Dustup over group's charge that coal ash from Big Stone plant contaminating area
BIG STONE COUNTY -- A public interest group is charging that heavy metals and chemicals are leaching from coal ash stored at the Big Stone power plant near Milbank, S.D., and contaminating groundwater at the site.
The South Dakota Department of Environment and Natural Resources -- charged with regulating the ash storage -- refutes the claims contained in the report by the Environmental Integrity Project.
The report "In Harm's Way'' takes aim at what it calls inadequate regulations nationwide to regulate coal ash storage. The report charges that groundwater contamination has been found at three dozen coal ash sites in 21 states. It was released to the public on Thursday.
A telephone press conference hosted Thursday by the Sierra Club in Minnesota focused on the report's findings for the Big Stone power plant.
According to the report, arsenic levels were found at 13 times the federal standard in one of the monitoring wells at the site.
The report claimed that in 21 of 25 monitoring wells, groundwater was found to be contaminated.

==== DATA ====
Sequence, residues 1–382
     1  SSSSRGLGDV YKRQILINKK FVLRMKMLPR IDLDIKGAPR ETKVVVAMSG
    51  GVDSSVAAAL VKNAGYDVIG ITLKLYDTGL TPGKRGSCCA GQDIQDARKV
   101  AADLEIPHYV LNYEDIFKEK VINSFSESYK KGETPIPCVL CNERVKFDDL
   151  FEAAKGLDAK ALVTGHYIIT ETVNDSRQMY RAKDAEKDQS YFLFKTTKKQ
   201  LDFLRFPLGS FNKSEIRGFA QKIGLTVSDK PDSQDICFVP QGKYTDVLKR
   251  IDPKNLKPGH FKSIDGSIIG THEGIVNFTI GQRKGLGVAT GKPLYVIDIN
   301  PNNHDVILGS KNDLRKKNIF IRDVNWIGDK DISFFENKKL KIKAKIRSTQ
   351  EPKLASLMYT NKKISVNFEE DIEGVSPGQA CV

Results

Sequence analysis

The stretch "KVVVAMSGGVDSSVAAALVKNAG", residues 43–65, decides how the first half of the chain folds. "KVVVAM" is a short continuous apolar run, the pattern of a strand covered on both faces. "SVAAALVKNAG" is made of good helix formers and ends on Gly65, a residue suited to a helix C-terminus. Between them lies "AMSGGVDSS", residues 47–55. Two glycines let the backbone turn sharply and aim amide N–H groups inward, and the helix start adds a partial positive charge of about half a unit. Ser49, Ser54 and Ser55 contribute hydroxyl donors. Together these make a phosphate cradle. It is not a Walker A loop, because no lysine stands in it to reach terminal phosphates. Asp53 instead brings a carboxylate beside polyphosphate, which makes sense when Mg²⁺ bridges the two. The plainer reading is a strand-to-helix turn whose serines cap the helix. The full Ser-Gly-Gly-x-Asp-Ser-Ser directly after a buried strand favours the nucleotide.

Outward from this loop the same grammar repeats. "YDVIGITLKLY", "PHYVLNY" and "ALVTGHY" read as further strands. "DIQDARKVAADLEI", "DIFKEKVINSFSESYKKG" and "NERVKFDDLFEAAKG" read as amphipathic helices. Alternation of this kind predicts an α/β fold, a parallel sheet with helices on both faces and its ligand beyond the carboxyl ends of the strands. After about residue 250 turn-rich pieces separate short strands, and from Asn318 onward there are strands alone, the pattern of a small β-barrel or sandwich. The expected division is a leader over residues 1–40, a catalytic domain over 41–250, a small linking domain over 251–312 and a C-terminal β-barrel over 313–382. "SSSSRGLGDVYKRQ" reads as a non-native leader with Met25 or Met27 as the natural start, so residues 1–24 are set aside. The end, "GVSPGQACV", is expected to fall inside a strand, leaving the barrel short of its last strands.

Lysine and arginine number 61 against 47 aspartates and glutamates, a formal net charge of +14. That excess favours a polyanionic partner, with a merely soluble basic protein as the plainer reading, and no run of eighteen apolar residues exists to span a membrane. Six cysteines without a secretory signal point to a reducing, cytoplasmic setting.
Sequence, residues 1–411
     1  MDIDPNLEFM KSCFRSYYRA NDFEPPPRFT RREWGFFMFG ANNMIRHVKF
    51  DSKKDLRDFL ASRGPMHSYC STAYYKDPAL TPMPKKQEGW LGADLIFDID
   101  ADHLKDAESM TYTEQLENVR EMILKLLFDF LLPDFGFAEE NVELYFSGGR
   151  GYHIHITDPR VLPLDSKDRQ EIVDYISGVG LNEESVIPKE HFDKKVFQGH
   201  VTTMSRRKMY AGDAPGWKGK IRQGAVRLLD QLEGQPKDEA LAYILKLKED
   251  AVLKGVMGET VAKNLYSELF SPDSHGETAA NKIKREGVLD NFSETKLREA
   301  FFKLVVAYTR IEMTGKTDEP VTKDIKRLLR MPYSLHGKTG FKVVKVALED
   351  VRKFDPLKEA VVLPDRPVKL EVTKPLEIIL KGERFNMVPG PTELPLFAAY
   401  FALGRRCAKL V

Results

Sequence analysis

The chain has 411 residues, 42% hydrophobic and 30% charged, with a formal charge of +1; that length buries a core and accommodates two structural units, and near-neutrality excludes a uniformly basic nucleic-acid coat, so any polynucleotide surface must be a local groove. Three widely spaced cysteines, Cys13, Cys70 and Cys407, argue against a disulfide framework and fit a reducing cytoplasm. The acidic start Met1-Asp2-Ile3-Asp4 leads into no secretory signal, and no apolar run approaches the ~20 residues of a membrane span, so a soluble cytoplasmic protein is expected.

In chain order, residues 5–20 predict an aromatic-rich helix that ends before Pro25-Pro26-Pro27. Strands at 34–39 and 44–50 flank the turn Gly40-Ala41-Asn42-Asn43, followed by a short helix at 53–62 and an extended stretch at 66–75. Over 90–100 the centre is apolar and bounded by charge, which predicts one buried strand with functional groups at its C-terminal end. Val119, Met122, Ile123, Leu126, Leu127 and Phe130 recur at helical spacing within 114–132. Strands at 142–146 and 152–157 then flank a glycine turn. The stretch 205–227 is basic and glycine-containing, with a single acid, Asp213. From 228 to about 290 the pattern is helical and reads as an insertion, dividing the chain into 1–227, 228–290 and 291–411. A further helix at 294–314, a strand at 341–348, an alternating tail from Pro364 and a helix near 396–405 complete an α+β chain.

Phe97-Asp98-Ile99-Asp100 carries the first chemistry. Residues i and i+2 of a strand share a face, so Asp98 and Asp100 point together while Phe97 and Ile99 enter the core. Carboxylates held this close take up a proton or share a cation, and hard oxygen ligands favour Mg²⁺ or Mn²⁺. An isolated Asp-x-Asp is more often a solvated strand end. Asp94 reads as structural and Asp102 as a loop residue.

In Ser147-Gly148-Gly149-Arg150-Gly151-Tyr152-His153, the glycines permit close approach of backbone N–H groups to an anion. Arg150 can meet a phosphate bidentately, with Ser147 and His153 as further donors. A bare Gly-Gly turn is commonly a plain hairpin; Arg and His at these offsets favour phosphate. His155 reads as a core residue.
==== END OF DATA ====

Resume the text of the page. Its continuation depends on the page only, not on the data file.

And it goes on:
Big Stone's coal ash landfill, bottom ash pond, and seven waste disposal ponds have contaminated groundwater with heavy metals and other toxins in excess of state and federal standards, according to the report.
All of the monitoring ponds are located on the power plant property, and there are no monitoring wells providing data outside of this perimeter.
The allegations prompted the DENR in South Dakota to take the unusual step of posting a statement on its website. It called the report's claims about the Big Stone site "untrue.''
The DENR stated that groundwater data collected at the site show no signs of contamination from the coal ash.
It stated that the glacial till in that area is naturally high in sulfates and minerals.
The high sulfate and metal levels are found up-gradient of the storage site, and those found at the site are not caused by the coal fly ash.
The Environmental Integrity Project "is incorrectly alleging groundwater impacts from a release from a brine pond that occurred more than 20 years ago are instead from the coal ash landfill," according to the DENR.
Peter Carrels, an organizer with the Sierra Club in Aberdeen, S.D., said during the press conference that the report clearly documents contamination due to the coal ash. He also said the contamination was continuing.
He called the 475-megawatt, coal-fired power plant "a sleeping giant in terms of pollution.''
Cris Kling, spokeswoman for Ottertail Power, the plant's owner, said the company is committed to good stewardship. She said the company does what regulators consider appropriate for a given situation.
There have been no findings of contamination at the site by regulators, or calls for changes in how the coal ash is managed, she said.
Kling also pointed out that the coal ash is stored as a dry ash.
The company does not store the coal combustion waste as slurry in ponds, a practice that has come under criticism nationally.